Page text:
Mortgages backed by the Federal Housing Administration (FHA) have received new loan limits for 2019.
The Federal Housing Administration (FHA), which is overseen by the U.S. Department of Housing and Urban Developmentâ€™s Office of Housing, announced Friday that the new national loan limit â€” also called the â€śfloorâ€ť â€” for one-unit properties in low-cost areas has increased from $294,515 in 2018 to $314,827 for 2019. This amount is set at 65% of the conforming loan limit for mortgages that follow Fannie Mae and Freddie Mac guidelines, which increased to $484,350 for 2019.
Loan limits are increasing in more than 3,000 U.S. counties, but will remain unchanged in 181 counties. Next yearâ€™s FHA loan limits for multi-unit properties are:
FHA loan limits in high-cost areas have increased to the following amounts:
The limit in high-cost areas is referred to as the â€śceilingâ€ť and is set at 150% of the national conforming loan limit amount. A list of the counties at the ceiling as well as a list of those counties between the floor and ceiling can be found on HUDâ€™s website.
Addition to its â€śfloorsâ€ť and â€śceilings,â€ť the FHA also has special exceptions in place for Alaska, Hawaii, Guam and the Virgin Islands, where home construction is more expensive. Loan limits for 2019 in those areas are:
FHA loans are a popular option for first-time homebuyers, typically due to the lower credit score and down payment requirements. In fact, nearly 83% of FHA loans went to first-timers during fiscal year 2018, according to data from the FHAâ€™s Mutual Mortgage Insurance Fund report.
Itâ€™s possible to qualify for an FHA loan if you have a credit score of at least 580 and a 3.5% down payment; however, if your score falls between 500 and 579, youâ€™ll need a 10% down payment. Other common requirements include a debt-to-income ratio of no more than 43% and documented proof of employment and sufficient income.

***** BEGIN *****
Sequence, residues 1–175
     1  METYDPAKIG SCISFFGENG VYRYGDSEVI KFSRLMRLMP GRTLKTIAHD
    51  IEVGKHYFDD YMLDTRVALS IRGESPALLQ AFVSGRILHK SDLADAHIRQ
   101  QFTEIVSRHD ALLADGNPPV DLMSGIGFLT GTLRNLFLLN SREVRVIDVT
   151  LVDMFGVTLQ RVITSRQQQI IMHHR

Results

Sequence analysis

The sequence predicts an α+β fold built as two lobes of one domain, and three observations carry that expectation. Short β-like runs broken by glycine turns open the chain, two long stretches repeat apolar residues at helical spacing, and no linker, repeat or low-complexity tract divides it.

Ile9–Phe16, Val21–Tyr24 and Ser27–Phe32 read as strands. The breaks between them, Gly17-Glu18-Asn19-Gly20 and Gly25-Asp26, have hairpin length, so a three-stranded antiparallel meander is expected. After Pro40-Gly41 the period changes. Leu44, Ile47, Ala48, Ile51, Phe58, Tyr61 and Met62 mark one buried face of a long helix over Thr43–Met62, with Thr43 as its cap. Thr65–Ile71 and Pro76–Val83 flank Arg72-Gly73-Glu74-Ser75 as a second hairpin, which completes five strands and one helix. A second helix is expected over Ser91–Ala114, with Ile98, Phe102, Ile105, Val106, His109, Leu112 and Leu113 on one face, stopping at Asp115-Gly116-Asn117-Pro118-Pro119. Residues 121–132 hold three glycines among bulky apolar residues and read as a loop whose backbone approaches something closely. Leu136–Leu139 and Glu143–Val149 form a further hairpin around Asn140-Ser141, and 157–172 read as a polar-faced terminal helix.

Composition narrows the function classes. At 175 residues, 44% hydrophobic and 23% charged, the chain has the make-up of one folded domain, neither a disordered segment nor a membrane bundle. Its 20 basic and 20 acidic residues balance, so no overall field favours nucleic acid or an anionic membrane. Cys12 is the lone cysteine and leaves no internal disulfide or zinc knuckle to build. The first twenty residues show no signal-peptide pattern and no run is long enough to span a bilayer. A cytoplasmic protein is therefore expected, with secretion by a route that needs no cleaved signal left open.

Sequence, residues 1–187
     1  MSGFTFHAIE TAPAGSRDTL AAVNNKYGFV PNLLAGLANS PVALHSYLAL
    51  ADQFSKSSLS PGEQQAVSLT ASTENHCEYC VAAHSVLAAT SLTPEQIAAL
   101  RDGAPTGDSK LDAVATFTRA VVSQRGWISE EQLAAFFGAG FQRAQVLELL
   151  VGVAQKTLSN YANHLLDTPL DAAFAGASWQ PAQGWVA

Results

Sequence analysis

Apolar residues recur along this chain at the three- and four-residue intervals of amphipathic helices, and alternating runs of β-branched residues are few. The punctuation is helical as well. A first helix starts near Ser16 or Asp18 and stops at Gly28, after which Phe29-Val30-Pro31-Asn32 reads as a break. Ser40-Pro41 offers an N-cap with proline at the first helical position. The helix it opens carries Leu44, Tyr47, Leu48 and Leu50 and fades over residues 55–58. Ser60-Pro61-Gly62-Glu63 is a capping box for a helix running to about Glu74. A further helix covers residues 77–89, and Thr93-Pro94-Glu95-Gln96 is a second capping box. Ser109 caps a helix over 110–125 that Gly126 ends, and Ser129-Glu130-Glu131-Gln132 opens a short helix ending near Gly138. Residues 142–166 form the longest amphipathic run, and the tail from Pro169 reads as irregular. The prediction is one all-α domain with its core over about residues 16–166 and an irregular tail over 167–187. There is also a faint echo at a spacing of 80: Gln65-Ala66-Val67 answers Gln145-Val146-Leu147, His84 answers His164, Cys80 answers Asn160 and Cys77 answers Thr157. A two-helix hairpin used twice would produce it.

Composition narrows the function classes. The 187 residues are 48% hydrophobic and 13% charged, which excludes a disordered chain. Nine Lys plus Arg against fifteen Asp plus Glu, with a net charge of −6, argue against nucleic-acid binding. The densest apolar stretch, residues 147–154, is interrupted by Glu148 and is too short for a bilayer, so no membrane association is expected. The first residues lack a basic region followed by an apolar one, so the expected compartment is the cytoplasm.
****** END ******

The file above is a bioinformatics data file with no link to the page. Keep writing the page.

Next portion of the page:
The FHA isnâ€™t a lender â€” it just insures home loans, so youâ€™ll ultimately need to go through an FHA-approved lender to apply for a mortgage.
Although FHA loans have less strict guidelines for borrowers, there are additional costs to consider, such as mortgage insurance premiums.
Because FHA borrowers have a lower threshold for a down payment, they are required to pay mortgage insurance. This extra cost is to protect the lender in the event the borrower defaults on their mortgage payments. Thereâ€™s an upfront mortgage insurance premium, which is paid at closing, and an annual mortgage insurance premium that is divided into 12 installments and paid monthly as part of your mortgage payment.
The upfront premium is 1.75% of the loan amount. The annual premium ranges from 0.45% to 1.05%, depending on your loan-to-value ratio and loan term. Borrowers who put down less than 10% must pay mortgage insurance for the life of the loan, while those who put down at least 10% can drop their mortgage insurance premiums after 11 years.
Mortgage interest rates on FHA loans are comparable to rates on conventional loans, based on data from the Mortgage Bankers Association (MBA).
The average rate for a 30-year fixed-rate FHA loan clocked in at 4.97% and the 30-year fixed conventional loan rate averaged 4.96% for the week ending Dec. 7, 2018, according to the MBAâ€™s weekly mortgage applications survey.
For a more thorough understanding of FHA lending, read our complete guide to FHA loans.
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